President Recep Tayyip Erdogan on Thursday urged the Turkish businessmen to invest in China Pakistan Economic Corridor (CPEC) projects of Pakistan saying that the CPEC was a game changer for the region. He stated this while addressing the Pakistan-Turkey Roundtable Investment Conference.
Prime Minister Nawaz Sharif and Chairman Board of Investment Dr Miftah Ismail also spoke on the occasion. The conference was attended by federal ministers, diplomats, business representatives of the two countries and members of the Turkish delegation. During the conference the Turkish president thanked the government and people of Pakistan for their hospitality. He said that Pakistan and Turkey were not only brotherly countries in expression but also in reality. He also praised the support given by the people of Pakistan to the Turkish nation.
Dr Miftah Ismail welcomed the President of Republic of Turkey and Prime Minister of Pakistan and business circles from Turkey and Pakistan in the investment roundtable and highlighted that Pakistan was offering a very liberal investment regime in the region with diverse and business friendly incentives. He said that the government of Pakistan had approved Special Economic Zones (SEZ) Act, offering lucrative investment incentives. Under this initiative, the government offered exemption from custom duties and taxes for all plants and machinery imported into Pakistan as well as an income tax cuts for 10 years, he added. He invited the Turkish investors to invest in all sectors of Pakistan specifically in agriculture machinery, pharmaceuticals, mining, and to further boost the investment and trade relations between the two brotherly countries.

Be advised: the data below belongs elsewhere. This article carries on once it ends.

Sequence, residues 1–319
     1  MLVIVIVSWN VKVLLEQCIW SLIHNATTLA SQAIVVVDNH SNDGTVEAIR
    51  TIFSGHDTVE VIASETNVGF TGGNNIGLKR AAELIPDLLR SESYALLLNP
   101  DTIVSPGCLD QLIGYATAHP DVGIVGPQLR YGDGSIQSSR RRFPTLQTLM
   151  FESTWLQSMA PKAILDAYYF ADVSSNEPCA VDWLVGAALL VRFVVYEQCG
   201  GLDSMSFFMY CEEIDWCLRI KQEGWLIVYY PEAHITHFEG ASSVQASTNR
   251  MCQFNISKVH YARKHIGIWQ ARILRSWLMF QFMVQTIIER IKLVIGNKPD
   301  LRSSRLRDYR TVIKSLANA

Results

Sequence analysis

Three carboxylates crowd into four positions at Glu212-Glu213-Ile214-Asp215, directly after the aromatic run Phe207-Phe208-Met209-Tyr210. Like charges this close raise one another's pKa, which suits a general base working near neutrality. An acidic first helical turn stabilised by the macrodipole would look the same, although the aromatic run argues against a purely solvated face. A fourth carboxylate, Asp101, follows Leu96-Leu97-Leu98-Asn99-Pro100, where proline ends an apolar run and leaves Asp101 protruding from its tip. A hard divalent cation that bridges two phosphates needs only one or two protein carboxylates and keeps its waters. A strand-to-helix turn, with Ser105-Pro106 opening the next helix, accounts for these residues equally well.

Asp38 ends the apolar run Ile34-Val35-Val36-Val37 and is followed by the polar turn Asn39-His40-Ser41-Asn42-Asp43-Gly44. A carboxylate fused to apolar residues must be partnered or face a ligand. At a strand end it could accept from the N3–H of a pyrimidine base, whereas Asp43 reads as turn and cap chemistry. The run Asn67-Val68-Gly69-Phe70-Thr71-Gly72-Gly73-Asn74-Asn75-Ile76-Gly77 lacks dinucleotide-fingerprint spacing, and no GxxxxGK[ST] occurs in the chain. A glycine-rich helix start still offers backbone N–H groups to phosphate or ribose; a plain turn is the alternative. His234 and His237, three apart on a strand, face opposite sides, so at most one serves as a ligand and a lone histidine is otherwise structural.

Pakistan due to its strategic location, cheap labour and cheap raw material outclass other countries. He informed the participants that under the dynamic leadership of Prime Minister Nawaz Sharif and Finance Minister Muhammad Ishaq Dar, Pakistan’s economic outlook had altogether changed in the last three years, a fact which was now being globally acknowledged. Dr Ismail said that due to sound economic policies and reforms, the budget deficit had come down from 8.8 percent of GDP in 2013 to 4.6 per cent and was expected to further fall to 3.8 percent in the current fiscal year.
“Our inflation was down to less than 3 percent, our interest rates are the lowest in decades, our currency was stable against international currencies and our foreign exchange reserves today have increased to aDr Miftah said that the GDP growth rate stood at over 4.7 percent last year, which was the highest in eight years and it was expected that the economy would grow by 5.5 percent by the end of current fiscal year. “This we understand for a developing country was not enough and hopefully soon we would grow faster as we shift our priority from stability to growth,” he added. -dailytimes